The country is lacking decisive leadership, there is a pressing immigration problem, there is anger and aggression in our midst, no positive role models for children to emulate and a lack of motivation to work.

Apathy is endemic, some people believe they can live off the very generous welfare system not worrying how their bills are paid, we pay them.

We are supporting this system through hard work and through taxation. We are over burdened with financial insecurity, salaries haven’t increased to keep pace with the rising costs of living and still we contribute to the framework of this fragile state.

Labour, should they be elected, want welfare to be more rewarding than good old fashioned honest work.

The party established to protect the interests of the working class has effectively become the voice piece of a dependency culture.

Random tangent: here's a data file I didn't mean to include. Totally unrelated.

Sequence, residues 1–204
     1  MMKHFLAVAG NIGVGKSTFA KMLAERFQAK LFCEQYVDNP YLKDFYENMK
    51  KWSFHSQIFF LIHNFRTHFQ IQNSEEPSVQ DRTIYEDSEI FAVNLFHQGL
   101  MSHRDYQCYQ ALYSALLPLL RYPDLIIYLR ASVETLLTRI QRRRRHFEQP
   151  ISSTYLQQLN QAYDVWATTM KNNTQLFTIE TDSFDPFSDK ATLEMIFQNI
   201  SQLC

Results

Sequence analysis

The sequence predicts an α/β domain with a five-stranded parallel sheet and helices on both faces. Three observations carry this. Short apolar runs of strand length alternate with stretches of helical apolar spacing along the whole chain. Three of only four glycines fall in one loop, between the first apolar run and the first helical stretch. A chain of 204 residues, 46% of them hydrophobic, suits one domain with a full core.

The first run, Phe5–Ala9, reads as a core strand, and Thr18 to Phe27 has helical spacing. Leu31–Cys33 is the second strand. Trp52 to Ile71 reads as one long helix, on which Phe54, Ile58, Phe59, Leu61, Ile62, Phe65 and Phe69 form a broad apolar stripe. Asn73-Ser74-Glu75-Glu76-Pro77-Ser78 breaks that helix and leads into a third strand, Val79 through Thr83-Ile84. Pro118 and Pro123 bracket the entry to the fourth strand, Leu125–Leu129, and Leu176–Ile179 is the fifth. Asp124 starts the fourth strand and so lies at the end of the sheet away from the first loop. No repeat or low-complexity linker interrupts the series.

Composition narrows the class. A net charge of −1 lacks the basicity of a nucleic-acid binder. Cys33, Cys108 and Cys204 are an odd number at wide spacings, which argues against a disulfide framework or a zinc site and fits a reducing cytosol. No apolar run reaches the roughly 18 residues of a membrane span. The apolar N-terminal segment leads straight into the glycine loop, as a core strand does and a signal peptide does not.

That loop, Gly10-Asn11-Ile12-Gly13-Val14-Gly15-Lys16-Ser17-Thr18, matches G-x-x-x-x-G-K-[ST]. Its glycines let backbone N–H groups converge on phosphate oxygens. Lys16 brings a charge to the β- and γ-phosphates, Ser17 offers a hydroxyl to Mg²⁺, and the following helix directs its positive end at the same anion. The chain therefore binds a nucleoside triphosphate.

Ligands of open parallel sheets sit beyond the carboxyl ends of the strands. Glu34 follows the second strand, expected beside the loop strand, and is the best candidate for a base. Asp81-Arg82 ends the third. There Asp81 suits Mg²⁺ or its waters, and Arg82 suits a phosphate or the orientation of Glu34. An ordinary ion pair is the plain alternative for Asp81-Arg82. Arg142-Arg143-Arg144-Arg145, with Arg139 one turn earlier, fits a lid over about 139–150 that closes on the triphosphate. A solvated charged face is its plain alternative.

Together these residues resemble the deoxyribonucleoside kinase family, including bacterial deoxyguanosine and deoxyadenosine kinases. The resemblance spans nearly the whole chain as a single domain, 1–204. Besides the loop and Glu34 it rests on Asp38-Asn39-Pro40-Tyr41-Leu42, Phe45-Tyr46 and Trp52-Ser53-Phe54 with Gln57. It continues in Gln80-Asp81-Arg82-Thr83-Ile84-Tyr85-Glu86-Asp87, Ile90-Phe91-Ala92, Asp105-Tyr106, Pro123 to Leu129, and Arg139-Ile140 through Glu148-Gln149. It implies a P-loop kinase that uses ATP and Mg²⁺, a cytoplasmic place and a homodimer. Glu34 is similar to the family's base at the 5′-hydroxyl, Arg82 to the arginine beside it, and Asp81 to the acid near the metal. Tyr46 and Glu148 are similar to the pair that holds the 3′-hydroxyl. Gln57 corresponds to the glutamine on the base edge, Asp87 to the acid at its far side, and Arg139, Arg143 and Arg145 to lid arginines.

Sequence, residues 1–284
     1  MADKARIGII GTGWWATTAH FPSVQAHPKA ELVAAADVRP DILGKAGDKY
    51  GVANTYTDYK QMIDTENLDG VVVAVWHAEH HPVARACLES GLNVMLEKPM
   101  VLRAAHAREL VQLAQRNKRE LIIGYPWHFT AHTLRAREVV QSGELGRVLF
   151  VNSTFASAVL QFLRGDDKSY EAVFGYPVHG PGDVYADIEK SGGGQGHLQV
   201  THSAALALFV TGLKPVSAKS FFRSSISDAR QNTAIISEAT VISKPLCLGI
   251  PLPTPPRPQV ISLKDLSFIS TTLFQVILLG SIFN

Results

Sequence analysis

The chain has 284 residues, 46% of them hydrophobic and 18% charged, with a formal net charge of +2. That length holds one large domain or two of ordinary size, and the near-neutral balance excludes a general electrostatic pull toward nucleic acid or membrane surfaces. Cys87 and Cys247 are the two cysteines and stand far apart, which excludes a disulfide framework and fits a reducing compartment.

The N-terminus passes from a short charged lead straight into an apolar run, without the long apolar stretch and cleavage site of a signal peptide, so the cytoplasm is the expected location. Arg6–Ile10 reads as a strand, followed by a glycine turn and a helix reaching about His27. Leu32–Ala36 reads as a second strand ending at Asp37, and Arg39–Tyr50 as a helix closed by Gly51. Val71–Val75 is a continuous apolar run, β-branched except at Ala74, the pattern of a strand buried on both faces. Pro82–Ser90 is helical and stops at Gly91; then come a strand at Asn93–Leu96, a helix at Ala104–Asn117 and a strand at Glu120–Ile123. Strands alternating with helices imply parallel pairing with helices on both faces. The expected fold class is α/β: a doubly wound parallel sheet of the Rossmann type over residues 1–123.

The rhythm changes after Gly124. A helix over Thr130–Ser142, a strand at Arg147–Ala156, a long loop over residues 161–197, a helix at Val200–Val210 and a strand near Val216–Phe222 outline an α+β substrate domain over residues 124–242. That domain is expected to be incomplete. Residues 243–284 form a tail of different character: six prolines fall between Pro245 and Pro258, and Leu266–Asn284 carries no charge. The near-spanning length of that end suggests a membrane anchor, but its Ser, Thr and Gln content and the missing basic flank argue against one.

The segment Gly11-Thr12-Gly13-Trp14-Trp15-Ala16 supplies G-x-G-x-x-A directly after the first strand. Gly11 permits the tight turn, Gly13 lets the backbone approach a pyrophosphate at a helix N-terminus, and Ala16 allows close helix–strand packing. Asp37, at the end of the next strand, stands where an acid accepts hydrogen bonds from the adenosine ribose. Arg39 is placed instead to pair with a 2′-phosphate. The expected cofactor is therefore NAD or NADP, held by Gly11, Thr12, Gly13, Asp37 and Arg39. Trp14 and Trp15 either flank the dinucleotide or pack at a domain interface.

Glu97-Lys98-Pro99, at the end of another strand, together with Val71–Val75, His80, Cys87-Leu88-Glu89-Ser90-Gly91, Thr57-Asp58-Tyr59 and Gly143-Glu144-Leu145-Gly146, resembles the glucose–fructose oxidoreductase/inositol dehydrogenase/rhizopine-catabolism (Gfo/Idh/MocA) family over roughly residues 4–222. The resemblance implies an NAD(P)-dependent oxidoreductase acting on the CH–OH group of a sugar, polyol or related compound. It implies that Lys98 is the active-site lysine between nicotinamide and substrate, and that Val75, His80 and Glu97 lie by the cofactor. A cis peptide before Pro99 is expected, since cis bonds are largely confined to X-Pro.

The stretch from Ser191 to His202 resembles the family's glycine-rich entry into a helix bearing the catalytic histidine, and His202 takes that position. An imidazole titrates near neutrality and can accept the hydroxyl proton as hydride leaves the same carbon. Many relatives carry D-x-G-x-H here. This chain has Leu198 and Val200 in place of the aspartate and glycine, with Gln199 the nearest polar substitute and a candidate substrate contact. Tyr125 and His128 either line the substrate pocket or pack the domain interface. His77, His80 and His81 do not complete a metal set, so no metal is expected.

A society where teenagers think work is a non essential activity.

What kind of society sets the tone for its future generation by rewarding those for living off the state and penalises others for working hard and paying high taxes.

The government’s plans to reduce the benefits plague is working but how long will it really take to be rid of the freeloaders?

Surely, the question that needs to be asked is why people believe they are entitled to live off the system and why they feel they don’t need to work?

It requires a massive cultural shift and a change of thinking.

The UK faces a wave of immigration from Romania and Bulgaria when the restrictions on EU freedom of movement are relaxed allowing a potential influx of some 29 million people who will have access to full rights to live, work and claim benefits in Britain.

The Prime Minister disclosed that Britain should not be seen as a “soft touch” for foreigners. (The Times 14th February 2013) access to all government benefits and services should be governed by a common sense approach. Access to housing, health service, justice which are the right of a british citizen should not be the automatic right of an illegal immigrant or any immigrant entering the country.